replicate (*l* = 1, 2) within the *ij*th inoculate-time combination, for the *m*th array or slide within the *j*th time, and the residual unique to the same subscript identifiers as
that for .
The typical distributional assumptions
in mixed models are such that each of the three sets of random effects are NIID
with their own VC; that is, , ,
and .
As clearly demonstrated by Dobbin et al. [31] and based on our experiences,
dye effects should be modeled in (1), even after using global normalization
procedures such as loess [15], as gene-specific dye effects
are common. Nevertheless, one would not normally anticipate interaction effects
between dye and other treatment factors (e.g., inoculate or time), and hence these
effects are not specified in (1).

It should be somewhat apparent from the A-loop design of Figure 2 why the nesting or hierarchical specifications are specified as such for the random effects. For example, although each pool or replicate is labeled twice, once with each dye, each pool is still part of or nested within the same inoculate by time combination such that samples or replicates are specified to be nested within inoculate by time. Similarly, arrays are nested within times since each array is associated with only one particular level of time; that is, different times are never directly compared or connected within arrays. Hence, one should intuitively recognize from Figure 2 that there would be greater precision for inferring upon inoculate effects than for time effects using the A-loop design. That is, the variability due to arrays is completely confounded with time differences such that it partly defines the experimental unit or replicate for time.

##### 3.3. Classical ANOVA

The complex nature of different levels of replication in the A-loop this design is further confirmed in the classical analysis of variance or ANOVA [21] for this design in Table 1. However, as demonstrated later, classical ANOVA is not necessarily equivalent to a more optimal GLS or mixed model analysis [32]; in fact, estimates of treatment effects based on classical ANOVA are simply equivalent to OLS estimates where all factors are treated as fixed. Nevertheless, the classical ANOVA table, when extended to include expected mean squares (EMS), is instructive in terms of identifying different levels of replication and hence experimental error.

Classical ANOVA is based on equating sums of squares (SS), also called quadratic forms, to their expectations; typically this involves equating mean squares (MS), being SS divided by their degrees of freedom (ν), to their EMS. For completely balanced designs, there is generally one universal manner in which these quadratic forms, and hence the ANOVA table, are constructed [19, 22]. However, for unbalanced designs, such as all of or even just the A-loop component of Figure 2, there are a number of ways of constructing different quadratic forms and hence different ways of constructing ANOVA tables for the same set of data [21, 32]. The most common ANOVA strategy is based on the use of type III quadratic forms as in Table 1 whereby the SS for each factor is adjusted for every other factor in the model. More details on type III and alternative ANOVA quadratic forms for unbalanced data can be found in Milliken and Johnson [21] and Searle [33].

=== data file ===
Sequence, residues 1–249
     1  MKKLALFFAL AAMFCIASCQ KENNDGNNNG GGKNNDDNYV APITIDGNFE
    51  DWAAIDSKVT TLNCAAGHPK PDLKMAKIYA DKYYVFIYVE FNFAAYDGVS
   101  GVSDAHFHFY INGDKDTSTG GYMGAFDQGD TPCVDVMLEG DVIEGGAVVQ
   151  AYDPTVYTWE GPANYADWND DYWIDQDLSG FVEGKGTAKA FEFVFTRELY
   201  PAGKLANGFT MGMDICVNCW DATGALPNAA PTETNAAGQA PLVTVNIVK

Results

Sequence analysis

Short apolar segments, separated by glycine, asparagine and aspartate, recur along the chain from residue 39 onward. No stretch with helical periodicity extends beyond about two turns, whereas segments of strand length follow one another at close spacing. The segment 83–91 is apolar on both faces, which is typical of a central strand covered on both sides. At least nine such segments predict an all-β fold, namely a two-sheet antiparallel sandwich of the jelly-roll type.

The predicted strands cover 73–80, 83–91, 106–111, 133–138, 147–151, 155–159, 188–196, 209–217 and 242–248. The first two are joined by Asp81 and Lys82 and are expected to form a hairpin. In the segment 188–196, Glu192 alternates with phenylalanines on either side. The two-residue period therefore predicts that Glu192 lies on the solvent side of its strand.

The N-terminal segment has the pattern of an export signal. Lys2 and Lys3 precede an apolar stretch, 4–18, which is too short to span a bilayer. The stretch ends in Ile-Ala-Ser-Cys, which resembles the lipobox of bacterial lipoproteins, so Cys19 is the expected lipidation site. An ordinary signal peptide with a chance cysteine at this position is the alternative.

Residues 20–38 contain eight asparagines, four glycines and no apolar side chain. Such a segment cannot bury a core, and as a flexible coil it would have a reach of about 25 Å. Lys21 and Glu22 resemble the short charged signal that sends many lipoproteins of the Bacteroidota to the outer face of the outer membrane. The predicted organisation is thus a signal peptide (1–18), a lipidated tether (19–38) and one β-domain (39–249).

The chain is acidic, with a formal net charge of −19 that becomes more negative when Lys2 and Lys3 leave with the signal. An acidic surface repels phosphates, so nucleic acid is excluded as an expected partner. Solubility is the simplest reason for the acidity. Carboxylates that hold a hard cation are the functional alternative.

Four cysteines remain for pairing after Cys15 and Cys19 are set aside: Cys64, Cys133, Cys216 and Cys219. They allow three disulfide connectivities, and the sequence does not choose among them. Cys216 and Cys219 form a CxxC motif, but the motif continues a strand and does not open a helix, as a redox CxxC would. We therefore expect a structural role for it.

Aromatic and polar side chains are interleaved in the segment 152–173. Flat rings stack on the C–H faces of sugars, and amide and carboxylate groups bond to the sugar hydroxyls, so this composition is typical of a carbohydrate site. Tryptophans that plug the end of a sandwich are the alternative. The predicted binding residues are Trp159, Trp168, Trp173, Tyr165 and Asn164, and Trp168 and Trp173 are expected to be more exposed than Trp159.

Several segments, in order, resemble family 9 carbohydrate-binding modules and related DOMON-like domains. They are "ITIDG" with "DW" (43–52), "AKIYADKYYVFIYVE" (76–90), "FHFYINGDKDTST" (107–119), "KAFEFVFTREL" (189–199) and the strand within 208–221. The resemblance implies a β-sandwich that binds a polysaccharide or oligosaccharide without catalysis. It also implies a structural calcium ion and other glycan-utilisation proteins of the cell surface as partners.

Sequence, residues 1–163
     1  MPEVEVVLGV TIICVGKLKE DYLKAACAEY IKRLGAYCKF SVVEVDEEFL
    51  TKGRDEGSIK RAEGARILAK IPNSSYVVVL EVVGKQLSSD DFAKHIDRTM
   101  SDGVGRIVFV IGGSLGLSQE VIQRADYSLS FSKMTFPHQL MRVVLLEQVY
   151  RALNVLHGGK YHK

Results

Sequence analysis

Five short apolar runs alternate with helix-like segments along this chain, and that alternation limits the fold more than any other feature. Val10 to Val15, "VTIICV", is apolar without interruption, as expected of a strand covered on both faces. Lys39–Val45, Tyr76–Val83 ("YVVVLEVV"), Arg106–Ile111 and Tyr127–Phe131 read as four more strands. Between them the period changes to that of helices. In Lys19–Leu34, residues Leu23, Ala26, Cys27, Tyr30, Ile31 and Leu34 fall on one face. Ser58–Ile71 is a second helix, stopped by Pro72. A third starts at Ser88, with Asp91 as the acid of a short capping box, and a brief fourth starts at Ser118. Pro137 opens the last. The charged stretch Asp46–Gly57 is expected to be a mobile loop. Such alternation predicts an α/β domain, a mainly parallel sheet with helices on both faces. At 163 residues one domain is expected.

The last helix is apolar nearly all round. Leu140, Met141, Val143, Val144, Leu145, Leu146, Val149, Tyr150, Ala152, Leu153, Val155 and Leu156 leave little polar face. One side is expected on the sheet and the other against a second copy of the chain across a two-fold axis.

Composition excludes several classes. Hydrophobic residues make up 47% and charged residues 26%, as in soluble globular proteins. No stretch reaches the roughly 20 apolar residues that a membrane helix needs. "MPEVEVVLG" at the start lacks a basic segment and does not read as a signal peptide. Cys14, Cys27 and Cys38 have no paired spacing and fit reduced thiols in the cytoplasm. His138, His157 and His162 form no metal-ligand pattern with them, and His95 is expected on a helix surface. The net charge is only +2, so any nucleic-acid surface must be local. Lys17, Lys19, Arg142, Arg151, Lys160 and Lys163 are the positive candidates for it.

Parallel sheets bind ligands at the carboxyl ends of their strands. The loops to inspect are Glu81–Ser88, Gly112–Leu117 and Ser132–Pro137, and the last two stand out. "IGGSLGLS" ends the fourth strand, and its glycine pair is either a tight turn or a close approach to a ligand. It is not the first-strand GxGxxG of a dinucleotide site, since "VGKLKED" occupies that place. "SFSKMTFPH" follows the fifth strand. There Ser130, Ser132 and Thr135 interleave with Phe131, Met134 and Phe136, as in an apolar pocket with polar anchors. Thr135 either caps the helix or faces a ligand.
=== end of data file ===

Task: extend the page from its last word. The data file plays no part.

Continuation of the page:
Table 1 conceptually illustrates the basic components of an ANOVA
table; again, for every
term, say X, in a statistical model like (1), there is a sum of squares , degrees of freedom ,
mean square ,
and expected mean square . Generally, ANOVA tests on fixed effects
are of greatest interest; for example, inoculate, time, and inoculate by time
interaction. The correct *F* ratio test
statistic for any fixed effects term in the ANOVA table is constructed such
that its MS and a denominator MS have the same EMS if the null hypothesis is
true; that is, that there are truly no effects for that particular term. In
statistical parlance, no effects for a term , whether that pertains to the
main effects of a factor or the interaction effects between two or more
factors, is synonymous with its corresponding *noncentrality parameter * being equal to zero; that
is, there is no signal due to that model term [32].

Consider,
for example, the test for the main effects of inoculate denoted as Factor A in